A dirty word to some, a tactical element to others; and it is back in the media.
S.Watson has come out and called for this part of Australia's game -that has fizzled out of general use almost as fast as player integrity- to come back to the fore.
But will it have an effect if used in the next test when it will be seen as so obviously a contrivance?
If Australia just walk out and start up being lippy, won't it just come across as a big put on to build up their own confidence?
It was one thing for CA to state (to the team) that players must be seen as role models; it is another to limit the teams ability to win. I'm not condoning a "win at all costs" attitude, i think everyone here will appreciate my sense of sportsmanship, but until talking to the opposition becomes outlawed, what is wrong with getting in to some ones head?
There are already rules to safeguard against racial vilification (although clearly only to be used against, not for Aussies!), so if a player can say something that is not vulgar, what is the problem?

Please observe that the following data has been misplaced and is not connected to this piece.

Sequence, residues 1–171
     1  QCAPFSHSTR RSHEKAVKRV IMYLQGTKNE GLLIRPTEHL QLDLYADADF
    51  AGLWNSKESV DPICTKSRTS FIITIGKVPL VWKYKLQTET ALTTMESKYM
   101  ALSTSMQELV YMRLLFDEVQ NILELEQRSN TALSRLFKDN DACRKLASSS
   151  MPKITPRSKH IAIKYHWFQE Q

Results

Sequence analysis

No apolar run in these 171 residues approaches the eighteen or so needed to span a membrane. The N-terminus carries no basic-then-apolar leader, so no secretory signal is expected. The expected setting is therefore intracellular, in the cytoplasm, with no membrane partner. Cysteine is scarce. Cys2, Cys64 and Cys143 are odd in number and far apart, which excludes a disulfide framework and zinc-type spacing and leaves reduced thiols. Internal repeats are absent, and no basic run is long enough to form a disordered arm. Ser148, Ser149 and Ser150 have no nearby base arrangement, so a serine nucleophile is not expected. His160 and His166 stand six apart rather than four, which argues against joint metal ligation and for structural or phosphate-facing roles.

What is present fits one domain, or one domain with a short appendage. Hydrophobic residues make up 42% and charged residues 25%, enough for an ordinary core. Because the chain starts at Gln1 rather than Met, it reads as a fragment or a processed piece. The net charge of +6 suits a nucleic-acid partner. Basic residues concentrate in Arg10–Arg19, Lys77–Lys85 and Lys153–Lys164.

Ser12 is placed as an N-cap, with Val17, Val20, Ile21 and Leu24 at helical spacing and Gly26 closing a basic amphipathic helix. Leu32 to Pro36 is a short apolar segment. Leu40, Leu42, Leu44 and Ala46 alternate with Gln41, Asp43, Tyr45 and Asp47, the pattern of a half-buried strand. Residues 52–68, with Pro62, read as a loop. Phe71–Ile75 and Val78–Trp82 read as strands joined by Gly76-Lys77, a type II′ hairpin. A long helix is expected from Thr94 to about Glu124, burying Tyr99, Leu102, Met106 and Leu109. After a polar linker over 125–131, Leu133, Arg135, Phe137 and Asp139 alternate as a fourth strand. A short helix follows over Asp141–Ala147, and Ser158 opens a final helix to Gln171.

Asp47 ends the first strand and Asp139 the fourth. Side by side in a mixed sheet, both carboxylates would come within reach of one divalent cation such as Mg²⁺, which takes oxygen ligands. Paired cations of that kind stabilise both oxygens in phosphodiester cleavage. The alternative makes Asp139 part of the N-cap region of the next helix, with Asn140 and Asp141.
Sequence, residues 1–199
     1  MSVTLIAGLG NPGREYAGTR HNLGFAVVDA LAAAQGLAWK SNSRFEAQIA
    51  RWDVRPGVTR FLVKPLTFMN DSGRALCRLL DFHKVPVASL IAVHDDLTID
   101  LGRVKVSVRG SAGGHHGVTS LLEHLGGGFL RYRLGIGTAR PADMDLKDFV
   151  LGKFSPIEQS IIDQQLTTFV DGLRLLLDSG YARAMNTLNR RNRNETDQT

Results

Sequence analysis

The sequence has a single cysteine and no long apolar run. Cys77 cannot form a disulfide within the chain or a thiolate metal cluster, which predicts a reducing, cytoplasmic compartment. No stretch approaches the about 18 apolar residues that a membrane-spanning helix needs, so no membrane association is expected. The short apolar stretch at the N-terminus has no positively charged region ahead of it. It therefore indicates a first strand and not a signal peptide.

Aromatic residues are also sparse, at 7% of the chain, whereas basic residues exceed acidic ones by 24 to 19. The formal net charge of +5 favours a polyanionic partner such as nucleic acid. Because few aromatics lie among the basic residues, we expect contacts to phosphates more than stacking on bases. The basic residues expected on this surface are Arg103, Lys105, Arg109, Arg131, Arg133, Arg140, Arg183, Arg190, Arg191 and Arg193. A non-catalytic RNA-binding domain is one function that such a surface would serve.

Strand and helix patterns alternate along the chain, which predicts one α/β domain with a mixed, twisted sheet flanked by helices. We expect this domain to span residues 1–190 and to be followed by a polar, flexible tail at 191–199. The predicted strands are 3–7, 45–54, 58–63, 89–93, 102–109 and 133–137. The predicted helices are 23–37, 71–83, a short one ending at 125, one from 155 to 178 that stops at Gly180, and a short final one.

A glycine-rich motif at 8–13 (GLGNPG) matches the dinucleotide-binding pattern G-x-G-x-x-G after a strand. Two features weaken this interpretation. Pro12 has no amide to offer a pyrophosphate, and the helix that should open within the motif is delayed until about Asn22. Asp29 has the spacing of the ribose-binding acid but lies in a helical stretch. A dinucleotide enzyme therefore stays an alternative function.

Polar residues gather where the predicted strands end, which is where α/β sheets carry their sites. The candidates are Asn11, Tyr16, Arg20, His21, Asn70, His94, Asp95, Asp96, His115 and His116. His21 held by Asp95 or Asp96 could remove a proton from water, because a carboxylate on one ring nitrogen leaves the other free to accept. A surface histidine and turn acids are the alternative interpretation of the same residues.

The rest of the worlds whinging about Australia past use of sledging is quite frankly pathetic!
As the request was, 'make sure you know where the line is' from CA, what would be the issue in reminding Freddy that his bung knee is the result of having to carry his over sized ego? Or suggest to KP that he made a good decision moving to Blighty for a game as he would still be lucky to get a spot in RSA behind Prince and Duminy. Onions and onions make the rest of England cry... etc.
Until there are laws preventing on field verbal gamesmanship (let's hope this is NEVER the case), open slather i say!
That being said, if i was playing in the next test, i'd just ease into it just so as not to look like we needed it.
down the wicket